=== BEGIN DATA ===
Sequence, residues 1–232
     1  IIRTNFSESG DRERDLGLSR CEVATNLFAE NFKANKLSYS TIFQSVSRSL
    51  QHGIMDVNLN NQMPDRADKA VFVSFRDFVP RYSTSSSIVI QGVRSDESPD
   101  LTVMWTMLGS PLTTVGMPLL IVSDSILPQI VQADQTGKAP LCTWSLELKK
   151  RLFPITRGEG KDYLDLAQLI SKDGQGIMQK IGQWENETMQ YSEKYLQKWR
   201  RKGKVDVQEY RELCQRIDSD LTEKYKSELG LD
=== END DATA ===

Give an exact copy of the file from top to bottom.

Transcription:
Sequence, residues 1–232
     1  IIRTNFSESG DRERDLGLSR CEVATNLFAE NFKANKLSYS TIFQSVSRSL
    51  QHGIMDVNLN NQMPDRADKA VFVSFRDFVP RYSTSSSIVI QGVRSDESPD
   101  LTVMWTMLGS PLTTVGMPLL IVSDSILPQI VQADQTGKAP LCTWSLELKK
   151  RLFPITRGEG KDYLDLAQLI SKDGQGIMQK IGQWENETMQ YSEKYLQKWR
   201  RKGKVDVQEY RELCQRIDSD LTEKYKSELG LD